Tanaiste Mary Harney said today the practices outlined in the AIB statement about the operation of an offshore investment company, Faldor, by five former senior AIB executives, was very serious and that the public should know who the executives involved were.
She said this issue goes to the very top levels at AIB and is a very serious matter.
She said it would be very helpful if the senior executives involved came forward themselves rather than wait to be smoked out by the media. Ms Harney also said it would be unacceptable if any of the people involved were currently involved on any State Boards.
She added that if the individuals behind the setting up and operation of Faldor were currently involved in senior commercial activity in Ireland then the public needs to know.
Former Senior AIB Executive Kevin Kelly who is now the Chairman of the new Interim Health Executive told the Minister for Health, Micheal Martin, last night that he had no knowledge or involvement in the investment practices outlined by AIB in its statement yesterday.
Earlier today former AIB Chief Executive, Tom Mulcahy, said he had no prior knowledge of or involvement in the investment practices outlines in the statement.
Speaking in London the Minister for Finance said the practices which have been uncovered at AIBIM have damaged the reputation of the bank.
Charlie McCreevy said it was "very disappointing" that higher executives were involved in "somewhat dubious practices".
McCreevy added that IFSRA was the competent authority and that it had been set up under "robust legislation" and was now carrying out a thorough investigation.
AIB yesterday gave details of an investigation into what it describes as "unacceptable practices" at AIB Investment Managers and details of tax issues relating to current and former senior executives.
There has been one investigation already into the latest "unacceptable practices" and a second one is now in progress. The first investigation was sparked off when the managing director of AIB Investment Managers discovered about the Faldor link in AIB in September 2003.
The bank immediately told IFRSA, the regulatory authority associated with the Central Bank. IFSRA agreed with AIB what needed to be done in terms of the first investigation, so IFSRA decided what terms they wanted. As a result of that investigation IFSRA decided that much more needed to be done.
IFSRA then sent in their biggest gun, Maurice O'Connell, who is a former governor of the Central Bank, indicating that this is a very serious matter and that the people involved are senior staff members.
That investigation was carried out and as a result of that the matters were discussed at board level in IFSRA this week. Also at board level in the bank IFSRA told AIB that they needed to make a public statement, or else they, IFSRA, would make it.
AIB's statement yesterday indicated that the matter was historic, IFSRA's statement said that the investigation is ongoing. It says the issues raised by these investigations will be considered by the authority comprehensively at the end of the investigative process, so it is not over.
It says following the investigative process the authority will consider what actions may be required and will report as necessary.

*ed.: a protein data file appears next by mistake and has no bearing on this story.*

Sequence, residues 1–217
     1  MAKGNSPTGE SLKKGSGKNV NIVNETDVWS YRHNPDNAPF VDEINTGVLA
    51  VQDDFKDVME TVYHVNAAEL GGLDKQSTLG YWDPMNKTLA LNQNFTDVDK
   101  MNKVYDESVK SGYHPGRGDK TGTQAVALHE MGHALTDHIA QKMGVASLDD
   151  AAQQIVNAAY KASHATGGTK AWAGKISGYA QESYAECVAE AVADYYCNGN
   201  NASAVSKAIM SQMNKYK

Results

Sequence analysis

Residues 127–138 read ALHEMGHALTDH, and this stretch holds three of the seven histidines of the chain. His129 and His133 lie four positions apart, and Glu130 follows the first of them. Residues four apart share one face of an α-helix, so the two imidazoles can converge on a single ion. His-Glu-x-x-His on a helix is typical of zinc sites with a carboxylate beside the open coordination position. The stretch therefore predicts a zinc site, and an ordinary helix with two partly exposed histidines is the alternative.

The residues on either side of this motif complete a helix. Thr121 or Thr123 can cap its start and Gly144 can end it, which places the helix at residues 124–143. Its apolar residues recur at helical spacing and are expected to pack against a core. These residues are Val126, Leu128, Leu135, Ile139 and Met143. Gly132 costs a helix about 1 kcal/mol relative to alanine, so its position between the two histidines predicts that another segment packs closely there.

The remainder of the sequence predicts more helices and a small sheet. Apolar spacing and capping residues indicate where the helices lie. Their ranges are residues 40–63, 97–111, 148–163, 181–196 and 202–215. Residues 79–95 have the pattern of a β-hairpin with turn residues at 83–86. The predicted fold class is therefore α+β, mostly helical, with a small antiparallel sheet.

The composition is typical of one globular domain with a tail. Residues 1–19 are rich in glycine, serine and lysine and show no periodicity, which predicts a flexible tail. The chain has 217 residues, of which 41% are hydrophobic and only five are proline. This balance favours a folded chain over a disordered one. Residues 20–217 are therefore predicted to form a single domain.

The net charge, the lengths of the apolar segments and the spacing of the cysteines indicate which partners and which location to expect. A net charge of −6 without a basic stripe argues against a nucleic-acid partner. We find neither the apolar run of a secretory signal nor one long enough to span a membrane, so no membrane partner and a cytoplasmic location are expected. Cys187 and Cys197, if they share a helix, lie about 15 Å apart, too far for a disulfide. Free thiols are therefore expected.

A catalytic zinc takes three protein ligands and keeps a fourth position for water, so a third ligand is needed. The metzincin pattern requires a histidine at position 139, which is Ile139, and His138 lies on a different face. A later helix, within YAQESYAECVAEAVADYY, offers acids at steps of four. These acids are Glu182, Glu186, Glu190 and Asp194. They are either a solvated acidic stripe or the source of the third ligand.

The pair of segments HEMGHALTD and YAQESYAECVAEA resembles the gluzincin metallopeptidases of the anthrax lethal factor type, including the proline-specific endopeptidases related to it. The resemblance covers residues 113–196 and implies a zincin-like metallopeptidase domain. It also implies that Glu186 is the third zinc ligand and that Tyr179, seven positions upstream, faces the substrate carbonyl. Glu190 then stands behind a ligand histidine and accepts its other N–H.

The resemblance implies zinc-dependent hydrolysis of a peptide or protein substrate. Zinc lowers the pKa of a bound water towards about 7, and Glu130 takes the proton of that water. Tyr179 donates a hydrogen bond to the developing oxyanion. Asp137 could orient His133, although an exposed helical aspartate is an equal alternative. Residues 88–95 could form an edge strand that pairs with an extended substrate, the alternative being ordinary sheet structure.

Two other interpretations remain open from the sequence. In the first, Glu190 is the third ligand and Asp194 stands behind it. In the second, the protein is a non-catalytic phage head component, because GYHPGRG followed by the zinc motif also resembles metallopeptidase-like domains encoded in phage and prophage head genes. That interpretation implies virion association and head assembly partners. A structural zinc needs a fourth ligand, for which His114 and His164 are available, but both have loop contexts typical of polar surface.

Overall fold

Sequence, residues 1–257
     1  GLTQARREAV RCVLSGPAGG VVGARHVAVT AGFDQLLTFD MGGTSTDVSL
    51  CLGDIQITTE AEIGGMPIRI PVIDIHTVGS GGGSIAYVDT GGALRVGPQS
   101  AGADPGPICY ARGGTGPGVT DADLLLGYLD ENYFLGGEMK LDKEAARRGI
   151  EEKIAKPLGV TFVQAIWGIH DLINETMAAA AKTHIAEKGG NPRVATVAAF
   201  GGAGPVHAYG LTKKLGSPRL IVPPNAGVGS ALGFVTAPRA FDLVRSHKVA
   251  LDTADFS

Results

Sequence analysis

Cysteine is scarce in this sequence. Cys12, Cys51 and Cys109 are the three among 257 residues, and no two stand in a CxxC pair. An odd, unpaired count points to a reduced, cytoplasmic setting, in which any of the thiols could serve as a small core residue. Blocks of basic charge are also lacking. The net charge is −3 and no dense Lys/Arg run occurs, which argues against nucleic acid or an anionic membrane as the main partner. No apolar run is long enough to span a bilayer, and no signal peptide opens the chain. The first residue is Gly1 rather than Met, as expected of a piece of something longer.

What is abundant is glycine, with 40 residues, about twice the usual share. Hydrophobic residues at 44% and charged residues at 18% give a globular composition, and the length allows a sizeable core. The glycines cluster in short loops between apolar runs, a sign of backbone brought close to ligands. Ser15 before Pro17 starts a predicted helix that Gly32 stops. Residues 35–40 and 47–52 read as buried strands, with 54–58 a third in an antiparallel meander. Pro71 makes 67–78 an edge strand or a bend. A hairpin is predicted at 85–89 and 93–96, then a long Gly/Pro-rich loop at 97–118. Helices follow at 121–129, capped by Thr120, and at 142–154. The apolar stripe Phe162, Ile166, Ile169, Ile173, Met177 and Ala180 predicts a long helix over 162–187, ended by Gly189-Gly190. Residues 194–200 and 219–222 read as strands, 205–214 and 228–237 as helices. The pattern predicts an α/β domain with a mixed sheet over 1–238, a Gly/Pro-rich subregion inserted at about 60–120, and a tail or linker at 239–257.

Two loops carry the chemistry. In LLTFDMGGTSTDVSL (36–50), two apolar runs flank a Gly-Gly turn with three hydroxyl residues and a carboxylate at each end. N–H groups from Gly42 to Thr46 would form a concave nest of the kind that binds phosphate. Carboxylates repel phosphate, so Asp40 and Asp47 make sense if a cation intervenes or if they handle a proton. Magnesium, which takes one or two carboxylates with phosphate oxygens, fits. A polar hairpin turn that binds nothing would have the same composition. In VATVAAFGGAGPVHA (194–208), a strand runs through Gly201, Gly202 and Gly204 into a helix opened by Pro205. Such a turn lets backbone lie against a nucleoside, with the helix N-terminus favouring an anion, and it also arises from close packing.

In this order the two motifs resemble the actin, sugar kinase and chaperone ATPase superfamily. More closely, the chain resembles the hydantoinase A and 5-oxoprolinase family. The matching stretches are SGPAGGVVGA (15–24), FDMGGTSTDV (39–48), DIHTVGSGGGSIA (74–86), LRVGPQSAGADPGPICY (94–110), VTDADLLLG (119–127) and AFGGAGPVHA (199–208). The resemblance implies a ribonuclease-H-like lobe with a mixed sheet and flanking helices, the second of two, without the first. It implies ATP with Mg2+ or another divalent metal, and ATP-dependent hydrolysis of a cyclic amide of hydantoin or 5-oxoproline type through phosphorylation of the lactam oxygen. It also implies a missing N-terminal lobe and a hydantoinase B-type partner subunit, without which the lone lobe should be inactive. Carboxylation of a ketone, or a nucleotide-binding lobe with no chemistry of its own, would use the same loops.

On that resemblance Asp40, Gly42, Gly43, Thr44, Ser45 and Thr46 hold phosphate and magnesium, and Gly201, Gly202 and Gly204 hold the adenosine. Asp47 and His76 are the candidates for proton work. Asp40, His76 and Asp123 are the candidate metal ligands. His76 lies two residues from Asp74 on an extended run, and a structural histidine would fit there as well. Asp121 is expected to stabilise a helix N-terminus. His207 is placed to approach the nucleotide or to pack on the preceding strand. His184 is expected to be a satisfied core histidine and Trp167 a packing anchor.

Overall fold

Faldor was an offshore company set up in the British Virgin Islands with a view to people trading and making money in international markets. The money was made and allocated in the islands for tax purposes. AIB has said that there were breaches of tax law in relation to this. It's an offshore company set up by some very senior people in AIB Group, managed by AIBIM, a subsidiary of the group.
It is likely that the people involved were very senior to have been able to get the subsidiary to ensure that they received favourable treatment in relation to deal allocation - if a trade is happening that they night get a better share of whatever the good deals were. AIBIM did the trading and Faldor were the beneficiaries, meaning they created unfair advantage for themselves over the 'normal' bank customers.
Faldor benefited by €48,000 at the expense of AIBIM in-house accounts.
Faldor was made up of five former senior executives of AIB and it had a relationship with AIBIM from 1989 to 1996.
The bank's investigation found there was a breach of tax law in relation to this company. It also found that the former AIB executives behind Faldor received a preferential allocation of investments amounting to €48,000 at the expense of other clients of AIB Investment Managers.
Seperately that investigation found that two former and three current senior executives at the bank had tax issues unconnected to Faldor.
A second investigation was supervised by former Central Bank Governor Maurice O'Connell. It found in total there were nine transactions that involved unacceptable practices.
The bank is to compensate clients of AIBIM €330,000 arising from this. AIB is also to underwrite €800,000 arising from tax and penalties.
AIB said in a statement it cannot, for legal reasons, identify the individuals involved but that appropriate disciplinary action is underway.
Mr Michael Buckley, AIB Group Chief Executive, said: ' The practices uncovered have no place in AIB.
The leadership behaviors I expect of senior management in AIB are clear. I am determined that they will be maintained and validated through a regular accountability process.
"I am happy that the historic, unacceptable deal allocation practices in AIBIM identified in the investigations are a thing of the past and had, by 1997, been replaced by the good practices and standards that remain in place."